The trust that the public have in the banking sector is incredibly low, and this is because the rate of scandals that are emanating from the sector is showing no signs of abating. Over at Lloyds Bank, who are having massive issues with their own version of GRG (albeit via the purchase of HBoS), it was announced today that the bank have put aside another £550 million to cover claims for mis-sold PPI. Although the bank announced this alongside strong financial figures – a pre-tax rise in profits of 23% to £3.1 billion in six months – the figure of £19.2 billion as a prospective figure for PPI compensation is difficult to ignore. It is also worth noting that this figure represents the highest figure for all British banks and the compensation due to customers who were mis-sold PPI, The bank, rather predictably, avoided commenting too much on the extra provision, but it is a damning development for the culture within the bank – although, obviously, the bank will be quick to write this off as ‘legacy issues’.

In reality, these are not ‘legacy issues’. In fact, they are representations of a culture that has persevered throughout one of the largest financial crashes in modern history. Yes the banks are not able to perform in exactly the same manner, but the sentiment the banks still display when treating the victims of their transgressive policies ‘with contempt’ is truly remarkable. It often goes unsaid that banking does not have to be like it is, where the actions of the banking companies are almost adversarial to everybody else but themselves. The trust that the public have in the sector will have been damaged significantly during the Crisis – this we know – but the way in which the banks are dealing with the post-Crisis era is arguably much worse. To transgress is one thing, but to take such an adversarial approach when it has been proven that one did wrong is something which can damage the future relationship between the public and the sector irreversibly. However, there is a counter-argument to this, and that is that relationship between the banking sector and the public is absolutely irrelevant. It is perhaps the case that people would like that relationship to mean something, but from the perspective of the leading banks there is very little to suggest it is the case. One may argue that a breakdown in trust on behalf of certain banks, say RBS, would damage their reputation, but in reality it is riskier to deal with the smaller banks since the Crisis, despite deposit protection schemes. The Crisis taught us all that the larger the bank, the safer it is, so why would the banks care about the relationship with the public? It is worth debating, but it is certainly the case that the ‘regulatory capital’ argument no longer applies – the banks have been called ‘too-big-to-fail’, but perhaps it is more the case that they are ‘too-big-to-care’.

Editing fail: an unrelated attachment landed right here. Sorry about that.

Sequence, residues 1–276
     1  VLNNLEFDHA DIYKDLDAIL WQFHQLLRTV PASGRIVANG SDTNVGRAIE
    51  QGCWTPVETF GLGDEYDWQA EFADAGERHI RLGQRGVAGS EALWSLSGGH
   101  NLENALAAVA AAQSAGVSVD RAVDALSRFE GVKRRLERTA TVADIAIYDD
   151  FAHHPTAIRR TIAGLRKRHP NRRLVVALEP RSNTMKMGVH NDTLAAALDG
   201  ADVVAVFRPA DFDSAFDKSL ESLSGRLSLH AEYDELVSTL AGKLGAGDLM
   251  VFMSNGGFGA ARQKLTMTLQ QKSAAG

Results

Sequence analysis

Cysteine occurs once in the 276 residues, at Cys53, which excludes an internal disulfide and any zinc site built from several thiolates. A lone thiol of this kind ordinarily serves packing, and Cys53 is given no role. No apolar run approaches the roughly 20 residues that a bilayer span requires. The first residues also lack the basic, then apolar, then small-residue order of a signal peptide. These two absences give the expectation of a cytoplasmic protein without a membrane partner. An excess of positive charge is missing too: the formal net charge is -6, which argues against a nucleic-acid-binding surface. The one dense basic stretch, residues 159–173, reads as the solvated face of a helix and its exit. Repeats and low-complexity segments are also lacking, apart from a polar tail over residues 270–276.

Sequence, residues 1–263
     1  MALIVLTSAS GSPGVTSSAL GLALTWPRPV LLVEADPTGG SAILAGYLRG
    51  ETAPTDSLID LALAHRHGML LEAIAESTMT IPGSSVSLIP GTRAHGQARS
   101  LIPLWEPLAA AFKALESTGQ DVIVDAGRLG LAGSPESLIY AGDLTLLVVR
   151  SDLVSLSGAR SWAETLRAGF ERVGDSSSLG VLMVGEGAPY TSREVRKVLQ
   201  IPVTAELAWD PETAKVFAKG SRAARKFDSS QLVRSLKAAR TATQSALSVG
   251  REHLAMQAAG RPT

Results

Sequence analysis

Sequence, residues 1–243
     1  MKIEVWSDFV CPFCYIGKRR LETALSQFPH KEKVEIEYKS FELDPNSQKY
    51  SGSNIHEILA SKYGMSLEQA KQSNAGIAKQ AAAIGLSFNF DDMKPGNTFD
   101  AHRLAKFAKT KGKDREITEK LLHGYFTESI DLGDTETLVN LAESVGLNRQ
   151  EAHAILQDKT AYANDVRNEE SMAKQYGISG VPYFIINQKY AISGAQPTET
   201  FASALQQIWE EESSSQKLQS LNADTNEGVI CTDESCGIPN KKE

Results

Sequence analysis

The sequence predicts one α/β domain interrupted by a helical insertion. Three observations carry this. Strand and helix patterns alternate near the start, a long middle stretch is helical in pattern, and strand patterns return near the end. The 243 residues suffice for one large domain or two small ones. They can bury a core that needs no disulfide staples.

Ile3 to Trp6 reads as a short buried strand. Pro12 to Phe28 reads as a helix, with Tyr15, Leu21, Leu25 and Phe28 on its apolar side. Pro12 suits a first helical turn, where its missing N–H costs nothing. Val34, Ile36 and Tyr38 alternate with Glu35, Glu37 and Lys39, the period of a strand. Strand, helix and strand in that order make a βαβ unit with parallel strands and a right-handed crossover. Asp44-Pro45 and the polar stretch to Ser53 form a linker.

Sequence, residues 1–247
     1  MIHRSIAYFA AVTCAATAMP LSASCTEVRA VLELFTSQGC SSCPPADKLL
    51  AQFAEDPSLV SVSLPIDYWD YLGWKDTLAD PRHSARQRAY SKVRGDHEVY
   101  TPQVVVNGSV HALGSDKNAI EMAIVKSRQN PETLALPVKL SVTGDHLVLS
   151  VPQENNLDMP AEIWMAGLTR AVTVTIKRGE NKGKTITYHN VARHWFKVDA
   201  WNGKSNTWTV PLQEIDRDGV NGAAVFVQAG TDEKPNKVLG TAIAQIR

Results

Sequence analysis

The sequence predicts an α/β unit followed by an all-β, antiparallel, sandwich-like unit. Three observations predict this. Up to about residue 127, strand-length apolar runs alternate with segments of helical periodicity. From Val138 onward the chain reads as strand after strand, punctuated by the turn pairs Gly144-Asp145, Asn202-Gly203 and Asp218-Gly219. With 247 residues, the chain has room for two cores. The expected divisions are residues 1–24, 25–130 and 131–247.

Keywords – Banking, RBS, Lloyds, UK, FCA, Business, @finregmatters.